‘He played that so late, it was almost posthumous.’ (John Arlott) For over fifty years, Test Match Special has provided the soundtrack to many cricket fans’ lives – now this book collects its greatest hits. Here are all the witty sayings, bons mots, doubles entendres, wise words and priceless moments from the whole TMS team past and present, and of course their many and varied celebrity guests. Whether it’s classic Test moments or hilarious asides from the boundary, you’ll find the perfect line for every occasion. Collecting over half a century of quips and quotes, and beautifully illustrated throughout, The Wit and Wisdom of Test Match Special is a cricket fan’s indispensable guide to bats, bowls, beards and bakes.
Collecting hundreds of quips and quotes, and beautifully illustrated throughout, The Test Match Special Book of Cricket Quotes is a cricket fan’s indispensable guide to bats, beards, boundaries and bowls. From witty sayings and wise words, to doubles entendres, and legendary moments from cricketing history, you’ll find the perfect line for every occasion. ‘I've never got to the bottom of streaking’- Jonathan Agnew ‘On the first day Logie decided to chance his arm and it came off' - Trevor Bailey ‘Bill Frindall has done a bit of mental arithmetic with a calculator’- John Arlott 'Strangely, in slow motion, the ball seemed to hang in the air for even longer' - David Acfield 'I'm not into caps with lots of diamonds on them, like KP' - James Anderson 'How can you tell your wife you are just popping out to play a match and then not come back for five days?' - Rafa Benitez on test cricket ‘I don't think we choked this time. We never played well enough to choke’ - Craig Matthews ‘Flintoff starts in, his shadow beside him. Where else would it be?’- Henry Blofeld ‘I once delivered a simple ball, which I was told, had it gone far enough, would have been considered a wide’ - Lewis Carroll
For over 50 years, Test Match Special has provided listeners with every Test cricket ball, batting average, and planety of views from the boundary, too. But how well do you know your cricket? Pit your wits against Aggers, Tuffers, Boycs and Johnners – and try not to get caught out! Can you identify the most famous players from history, name that ground or reel off well-known (and lesser-known) stats and facts. And of course, what Test Match Special would be complete without the gaffes, giggles, cakes and celebrity guests who make up a day at the cricket? With over 3,000 mind-bending puzzles about every aspect of the sport and beyond, this is the ultimate test of any cricket fan's true average.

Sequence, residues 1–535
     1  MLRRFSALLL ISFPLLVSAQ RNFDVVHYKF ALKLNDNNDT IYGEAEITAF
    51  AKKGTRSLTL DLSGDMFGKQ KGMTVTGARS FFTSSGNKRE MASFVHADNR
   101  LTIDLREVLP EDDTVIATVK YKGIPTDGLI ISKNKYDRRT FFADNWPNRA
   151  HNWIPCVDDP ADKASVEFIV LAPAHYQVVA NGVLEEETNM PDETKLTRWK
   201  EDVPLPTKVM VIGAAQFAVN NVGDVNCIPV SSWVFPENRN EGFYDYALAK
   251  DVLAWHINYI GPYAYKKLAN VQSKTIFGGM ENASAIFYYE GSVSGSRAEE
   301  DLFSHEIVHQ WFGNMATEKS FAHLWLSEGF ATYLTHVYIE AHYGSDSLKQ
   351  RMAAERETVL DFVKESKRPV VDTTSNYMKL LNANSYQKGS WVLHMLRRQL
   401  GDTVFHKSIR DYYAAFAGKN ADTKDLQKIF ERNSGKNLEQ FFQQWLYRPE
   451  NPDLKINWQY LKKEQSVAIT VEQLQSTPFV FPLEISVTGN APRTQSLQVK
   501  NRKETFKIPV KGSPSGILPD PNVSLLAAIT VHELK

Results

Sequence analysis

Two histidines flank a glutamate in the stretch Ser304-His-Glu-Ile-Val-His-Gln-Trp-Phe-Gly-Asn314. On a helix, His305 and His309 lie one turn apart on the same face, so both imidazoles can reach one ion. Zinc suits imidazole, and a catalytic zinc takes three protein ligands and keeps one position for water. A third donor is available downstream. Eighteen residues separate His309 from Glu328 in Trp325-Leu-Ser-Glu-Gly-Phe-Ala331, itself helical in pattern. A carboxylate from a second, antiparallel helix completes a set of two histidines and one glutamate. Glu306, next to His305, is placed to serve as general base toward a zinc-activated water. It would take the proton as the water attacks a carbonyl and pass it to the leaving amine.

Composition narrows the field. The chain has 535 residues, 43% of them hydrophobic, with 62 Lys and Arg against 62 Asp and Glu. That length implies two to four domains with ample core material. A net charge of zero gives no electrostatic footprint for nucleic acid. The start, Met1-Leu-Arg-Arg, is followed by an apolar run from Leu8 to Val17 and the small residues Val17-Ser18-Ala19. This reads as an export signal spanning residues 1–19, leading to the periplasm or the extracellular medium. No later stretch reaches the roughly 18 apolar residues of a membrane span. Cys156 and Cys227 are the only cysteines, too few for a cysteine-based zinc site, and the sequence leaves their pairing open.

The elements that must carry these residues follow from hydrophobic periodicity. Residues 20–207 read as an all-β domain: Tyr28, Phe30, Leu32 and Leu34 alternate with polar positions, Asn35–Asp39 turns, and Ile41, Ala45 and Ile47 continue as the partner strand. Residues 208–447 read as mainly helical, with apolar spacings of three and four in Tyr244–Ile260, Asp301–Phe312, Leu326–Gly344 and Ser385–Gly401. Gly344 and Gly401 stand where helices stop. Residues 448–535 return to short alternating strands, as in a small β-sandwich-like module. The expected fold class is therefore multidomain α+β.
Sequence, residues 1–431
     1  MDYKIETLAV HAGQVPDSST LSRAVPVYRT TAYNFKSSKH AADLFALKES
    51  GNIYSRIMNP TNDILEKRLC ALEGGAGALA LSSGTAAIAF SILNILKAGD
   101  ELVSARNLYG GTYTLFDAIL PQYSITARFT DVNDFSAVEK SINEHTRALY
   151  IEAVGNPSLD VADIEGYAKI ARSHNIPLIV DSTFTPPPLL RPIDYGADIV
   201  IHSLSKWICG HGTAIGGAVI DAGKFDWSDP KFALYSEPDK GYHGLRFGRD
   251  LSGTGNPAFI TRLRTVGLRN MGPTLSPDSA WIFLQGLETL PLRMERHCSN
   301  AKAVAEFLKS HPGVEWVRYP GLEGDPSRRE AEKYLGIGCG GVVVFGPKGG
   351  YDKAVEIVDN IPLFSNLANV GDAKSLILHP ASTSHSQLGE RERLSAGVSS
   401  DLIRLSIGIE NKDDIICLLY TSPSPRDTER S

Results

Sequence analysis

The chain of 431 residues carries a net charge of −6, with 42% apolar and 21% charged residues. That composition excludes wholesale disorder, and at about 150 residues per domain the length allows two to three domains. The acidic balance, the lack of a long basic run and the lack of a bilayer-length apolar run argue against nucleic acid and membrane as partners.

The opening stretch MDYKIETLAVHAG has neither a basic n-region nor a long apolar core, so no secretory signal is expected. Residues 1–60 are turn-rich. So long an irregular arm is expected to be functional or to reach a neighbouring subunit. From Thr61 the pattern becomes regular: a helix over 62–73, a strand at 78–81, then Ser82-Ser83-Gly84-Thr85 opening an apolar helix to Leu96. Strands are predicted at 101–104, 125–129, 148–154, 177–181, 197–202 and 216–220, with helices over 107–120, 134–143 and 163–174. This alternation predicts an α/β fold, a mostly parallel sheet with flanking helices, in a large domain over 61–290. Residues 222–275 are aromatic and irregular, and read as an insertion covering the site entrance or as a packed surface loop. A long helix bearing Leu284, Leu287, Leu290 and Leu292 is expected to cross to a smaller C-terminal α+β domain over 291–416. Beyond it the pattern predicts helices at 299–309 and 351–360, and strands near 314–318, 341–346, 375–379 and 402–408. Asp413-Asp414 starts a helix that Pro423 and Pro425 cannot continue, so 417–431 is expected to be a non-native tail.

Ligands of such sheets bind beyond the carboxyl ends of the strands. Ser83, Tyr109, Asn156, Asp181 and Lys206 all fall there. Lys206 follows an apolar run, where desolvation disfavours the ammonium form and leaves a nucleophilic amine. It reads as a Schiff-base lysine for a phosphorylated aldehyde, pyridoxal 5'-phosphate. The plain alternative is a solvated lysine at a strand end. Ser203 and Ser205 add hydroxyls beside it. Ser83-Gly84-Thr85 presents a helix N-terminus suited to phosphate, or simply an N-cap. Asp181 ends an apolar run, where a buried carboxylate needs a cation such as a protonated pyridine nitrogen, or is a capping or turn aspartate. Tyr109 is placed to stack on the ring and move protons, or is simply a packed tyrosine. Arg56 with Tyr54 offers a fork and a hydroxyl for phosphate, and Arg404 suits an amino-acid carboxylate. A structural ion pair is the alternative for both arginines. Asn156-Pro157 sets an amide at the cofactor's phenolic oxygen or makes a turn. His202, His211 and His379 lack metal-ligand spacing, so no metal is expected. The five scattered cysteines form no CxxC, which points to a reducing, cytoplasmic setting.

The quintessentially English cricket commentator, writer, oenophile, bon viveur, collector and national treasure, fondly known as “Blowers”, tells his riveting life story.
For over half a century, Henry Blofeld has conveyed his unfailing enthusiasm for the game of cricket as a much loved broadcaster and journalist. His characteristically patrician tones, overlaid with those of the bon viveur, have delighted listeners to the BBC's Test Match Special where the personality of the broadcaster comes second only to a deep knowledge of the game and its players. With his engaging conversational tone it is easy to see why listeners feel as if they are actually at the Test match watching in Henry's friendly company. Now that 'Blowers' has decided to declare his TMS innings closed, his book reveals the secrets of life in the commentary box and of the rich cast of characters with whom he shared it, from the early days of John Arlott and Brian Johnson to Aggers and new boys Boycott, Swann, Vaughan and Tuffers. Henry is equally revealing of his own performances and self-deprecatingly recalls his several verbal misfortunes while live broadcasting. Like the greatest commentators and writers on the game Blofeld has always understood that there is a world beyond the cricket field. Not forgetting pigeons passing, red buses and much loved cricket grounds, Henry Blofeld writes of his favourite countries, and experiences while travelling, and meeting and interviewing many cricket-loving celebrities. His passionate and entertaining book will become one of the classics of cricket's literature.